Washington Post Addresses Obama's Faith -- with NO Wright
The Washington Post published a front page story on Sunday headlined "Obama Addresses His Faith: Senator Describes Spiritual Journey." But it completely ignored Rev. Jeremiah Wright and the Trinity United Church of Christ. Obama was allowed to declare to audiences how he "let Jesus Christ into his life" on the south side of Chicago, but the Post utterly left out the fact that it was Rev. Wright who was his spiritual mentor.
Post editors might insist that Jonathan Weisman's story was not a biographical or historical piece so much as a campaign trail piece about how Obama hopes to appeal to evangelical voters who aren't thrilled with John McCain. But doesn't Obama's church factor in when those voters try to decide what kind of Christian he is?
"In my own life," he said, "it's been a journey that began decades ago on the South Side of Chicago, when, working as a community organizer, helping to build struggling neighborhoods, I let Jesus Christ into my life. I learned that my sins could be redeemed and that if I placed my trust in Christ, that he could set me on the path to eternal life when I submitted myself to his will and I dedicated myself to discovering his truth and carrying out his works."
He suggested that he would apply the lessons of his faith to the problems he would face if he became president. "The challenges we face today -- war and poverty, joblessness and homelessness, violent streets and crumbling schools -- are not simply technical problems in search of a 10-point plan," he said. "They are moral problems, rooted in both societal indifference and individual callousness, in the imperfections of man. And so the values we believe in -- empathy and justice and responsibility to ourselves and our neighbors -- these cannot only be expressed in our churches and our synagogues, but in our policies and in our laws."
Of the two presumptive nominees for president, Obama has been far more outspoken about his religious beliefs than Sen. John McCain. Evangelical Christian leaders have remained skeptical, however, that Obama's faith comports with their own, especially given his support for gay and abortion rights.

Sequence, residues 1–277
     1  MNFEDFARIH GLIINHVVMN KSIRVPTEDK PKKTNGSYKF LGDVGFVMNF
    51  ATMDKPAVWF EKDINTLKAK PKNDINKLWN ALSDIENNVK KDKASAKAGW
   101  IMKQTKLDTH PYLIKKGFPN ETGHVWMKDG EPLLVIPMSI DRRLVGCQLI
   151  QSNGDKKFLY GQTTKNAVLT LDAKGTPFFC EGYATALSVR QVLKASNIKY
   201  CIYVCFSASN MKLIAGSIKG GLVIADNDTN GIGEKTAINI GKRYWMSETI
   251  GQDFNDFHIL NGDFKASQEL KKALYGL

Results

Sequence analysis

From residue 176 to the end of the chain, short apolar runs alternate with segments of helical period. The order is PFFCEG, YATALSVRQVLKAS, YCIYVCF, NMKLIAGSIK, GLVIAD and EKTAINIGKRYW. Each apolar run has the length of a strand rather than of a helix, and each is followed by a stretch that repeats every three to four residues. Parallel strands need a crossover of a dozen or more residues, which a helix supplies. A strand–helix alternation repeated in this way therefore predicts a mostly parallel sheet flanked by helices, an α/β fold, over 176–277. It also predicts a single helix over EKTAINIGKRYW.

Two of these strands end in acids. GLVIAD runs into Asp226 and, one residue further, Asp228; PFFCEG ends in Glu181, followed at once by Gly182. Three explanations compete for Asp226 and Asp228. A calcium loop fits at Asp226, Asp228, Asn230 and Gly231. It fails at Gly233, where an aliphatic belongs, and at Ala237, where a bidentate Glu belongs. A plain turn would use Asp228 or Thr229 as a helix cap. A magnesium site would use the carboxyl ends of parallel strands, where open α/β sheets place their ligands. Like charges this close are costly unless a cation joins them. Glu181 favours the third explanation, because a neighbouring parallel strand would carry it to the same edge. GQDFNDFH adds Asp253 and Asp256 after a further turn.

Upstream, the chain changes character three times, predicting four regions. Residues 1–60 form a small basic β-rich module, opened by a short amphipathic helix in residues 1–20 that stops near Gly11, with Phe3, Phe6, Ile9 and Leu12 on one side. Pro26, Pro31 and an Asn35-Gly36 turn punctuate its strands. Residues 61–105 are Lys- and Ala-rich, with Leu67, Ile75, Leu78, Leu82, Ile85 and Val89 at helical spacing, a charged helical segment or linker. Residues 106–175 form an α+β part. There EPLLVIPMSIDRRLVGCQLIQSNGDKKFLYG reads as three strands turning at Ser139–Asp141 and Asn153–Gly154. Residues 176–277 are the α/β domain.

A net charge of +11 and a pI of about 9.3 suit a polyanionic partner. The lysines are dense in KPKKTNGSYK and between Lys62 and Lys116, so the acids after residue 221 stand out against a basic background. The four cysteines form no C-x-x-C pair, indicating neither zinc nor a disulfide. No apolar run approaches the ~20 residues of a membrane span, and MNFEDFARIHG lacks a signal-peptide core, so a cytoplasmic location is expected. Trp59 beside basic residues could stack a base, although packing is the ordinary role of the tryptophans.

The article goes on to describe how Obama's attempting to appeal to evangelical voters by moving "to the center" by suggesting he doesn't believe "feeling blue" is a reason to allow abortions for the "health" of the mother. If Obama didn't have a very staunch legislative record on abortion, this might be interesting. But Weisman also ignores Obama's Planned Parenthood-pleasing state and federal record.
Liberal reporters see evangelical doubts about Obama to be merely political, like abortion and the gay agenda. Those are important illustrations of Obama's extreme social liberalism. But there is also the matter of Obama's actual religious beliefs. Weisman didn't address one reason why leaders like James Dobson question Obama's "confused theology" -- Obama's 2004 interview with the Chicago Sun-Times that will certainly make its way around church circles:
So, I have a deep faith," Obama told Sun-Times reporter Cathleen Falsani. "I'm rooted in the Christian tradition. I believe that there are many paths to the same place, and that is a belief that there is a higher power, a belief that we are connected as a people...
It's perhaps an unlikely theological position for someone who places his faith squarely at the feet of Jesus to take, saying essentially that all people of faith -- Christians, Jews, Muslims, animists, everyone -- know the same God.
That depends, Obama says, on how a particular verse from the Gospel of John, where Jesus says, "I am the way, the truth and the life. No one comes to the Father but by me," is heard.
Obama's theological point of view was shaped by his uniquely multicultural upbringing. He was born in 1961 in
Obama describes his father, after whom he is named, as "agnostic." His paternal grandfather was a Muslim. His mother, he says, was a Christian.
"My mother, who I think had as much influence on my values as anybody, was not someone who wore her religion on her sleeve," he says. "We'd go to church for Easter. She wasn't a 'church lady.' "
In his 1993 memoir, Dreams from My Father: A Story of Race and Inheritance, Obama describes his mother as "a lonely witness for secular humanism."
Obama can't even seem to decide whether his mother was a secular humanist or whether he wants to paint her as a "needlepoint values" Christian. Reporters like Weisman can't seem to be skeptical enough to question whether Obama is always telling the same yarn when he talks of faith, or whether it evolves depending on the audience.
If the Chicago reporter, Cathleen Falsani, seems supportive of Obama, you might remember her as the one who rejoiced in Jerry Falwell's death with a "ding dong the witch is dead" reaction, because Falwell was a spiritual bully like...TV gangster Tony Soprano.
Tim Graham is Director of Media Analysis at the